Coral reefs all over the world, already threatened by rising temperatures brought about by climate change, also face serious challenges from the possibility of fish species extinctions.
Coral reefs all over the world, already threatened by rising temperatures brought about by climate change, also face serious challenges from the possibility of fish species extinctions. According to a paper out today in the Proceedings of the National Academy of Sciences, the networks of predator fish and their prey found on coral reefs all over the world are remarkably similar, and those predator fish are pickier eaters than previously thought. These delicate ecosystems become even more vulnerable when these specialized hunters go extinct.
Coral reefs are some of the most diverse ecosystems on Earth, providing critical habitat for thousands of species that sustain economies and provide for the diets and livelihoods of millions of people. In the largest and most comprehensive study of its kind, researchers from France and The University of Texas at Austin concluded that coral reef food webs are more delicate than previously thought. Researchers made the conclusion after synthesizing the stomach contents of most fish species found on six coral reef systems around the world.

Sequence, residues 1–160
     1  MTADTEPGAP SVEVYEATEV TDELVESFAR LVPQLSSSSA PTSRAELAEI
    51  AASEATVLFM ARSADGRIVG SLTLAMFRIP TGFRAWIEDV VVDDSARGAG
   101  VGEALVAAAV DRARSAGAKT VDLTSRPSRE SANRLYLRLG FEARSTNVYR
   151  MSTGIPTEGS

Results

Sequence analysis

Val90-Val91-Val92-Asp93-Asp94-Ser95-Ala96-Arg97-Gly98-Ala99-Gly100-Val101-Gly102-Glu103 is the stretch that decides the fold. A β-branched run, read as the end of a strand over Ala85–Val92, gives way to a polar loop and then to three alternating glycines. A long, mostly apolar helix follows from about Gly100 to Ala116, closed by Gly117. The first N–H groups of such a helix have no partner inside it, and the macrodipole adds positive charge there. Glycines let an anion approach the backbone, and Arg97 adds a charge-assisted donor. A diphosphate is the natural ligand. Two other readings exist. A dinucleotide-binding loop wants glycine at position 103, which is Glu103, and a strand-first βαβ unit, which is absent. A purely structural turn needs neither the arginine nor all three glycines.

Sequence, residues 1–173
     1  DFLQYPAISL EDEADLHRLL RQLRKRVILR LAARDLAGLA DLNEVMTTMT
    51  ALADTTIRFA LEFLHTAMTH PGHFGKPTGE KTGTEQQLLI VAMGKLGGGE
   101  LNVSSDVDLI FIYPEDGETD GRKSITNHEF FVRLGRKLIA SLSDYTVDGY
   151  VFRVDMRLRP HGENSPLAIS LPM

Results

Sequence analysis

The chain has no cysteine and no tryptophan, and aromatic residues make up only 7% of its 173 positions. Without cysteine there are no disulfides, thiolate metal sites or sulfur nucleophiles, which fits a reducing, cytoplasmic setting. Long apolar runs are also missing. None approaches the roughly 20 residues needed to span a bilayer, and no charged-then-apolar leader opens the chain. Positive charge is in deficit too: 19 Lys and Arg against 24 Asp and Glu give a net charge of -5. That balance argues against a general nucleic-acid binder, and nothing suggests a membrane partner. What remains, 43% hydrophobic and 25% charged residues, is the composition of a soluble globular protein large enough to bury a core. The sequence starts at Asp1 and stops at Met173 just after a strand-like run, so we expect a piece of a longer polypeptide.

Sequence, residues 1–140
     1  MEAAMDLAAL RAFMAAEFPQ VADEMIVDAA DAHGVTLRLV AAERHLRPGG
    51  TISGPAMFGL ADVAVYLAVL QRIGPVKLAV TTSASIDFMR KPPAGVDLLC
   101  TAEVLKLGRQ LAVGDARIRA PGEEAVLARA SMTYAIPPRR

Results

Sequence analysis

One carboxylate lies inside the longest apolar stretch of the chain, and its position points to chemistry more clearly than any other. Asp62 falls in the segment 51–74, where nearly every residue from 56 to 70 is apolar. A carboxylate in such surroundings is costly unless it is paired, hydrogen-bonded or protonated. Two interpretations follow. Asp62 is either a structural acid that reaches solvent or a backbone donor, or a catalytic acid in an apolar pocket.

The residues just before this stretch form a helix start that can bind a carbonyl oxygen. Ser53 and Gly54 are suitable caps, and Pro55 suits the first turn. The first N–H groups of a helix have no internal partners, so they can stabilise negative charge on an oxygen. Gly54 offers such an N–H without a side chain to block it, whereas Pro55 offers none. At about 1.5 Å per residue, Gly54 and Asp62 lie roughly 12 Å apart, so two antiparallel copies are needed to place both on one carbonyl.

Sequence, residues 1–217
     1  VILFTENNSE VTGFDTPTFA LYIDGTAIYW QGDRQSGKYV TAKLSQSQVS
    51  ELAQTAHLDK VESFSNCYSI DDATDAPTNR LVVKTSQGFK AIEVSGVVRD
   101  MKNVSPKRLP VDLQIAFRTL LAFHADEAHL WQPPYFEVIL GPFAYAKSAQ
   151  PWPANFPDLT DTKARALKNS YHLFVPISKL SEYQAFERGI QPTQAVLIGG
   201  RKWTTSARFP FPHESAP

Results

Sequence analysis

The team revealed that the vast majority of reef fish species are very picky about what they eat, rather than opportunistically feeding on anything they could find. Although reefs will probably withstand the loss of several prey species, the loss of a single larger fish species may jeopardize the ecosystem.
“It’s remarkable that we see similar patterns in coral reef systems all over the world. Extinctions, particularly of larger fish species, may have significant impacts for coral reef systems,” said Jordan Casey, an assistant professor of marine science at UT Austin’s Marine Science Institute (UTMSI) and an author on the paper.
Read more at University of Texas at Austin
Image: Researchers have found that reefs can probably withstand the loss of several prey species, but the loss of a single larger fish species can jeopardize the ecosystem. (Credit: Jordan Casey, University of Texas at Austin)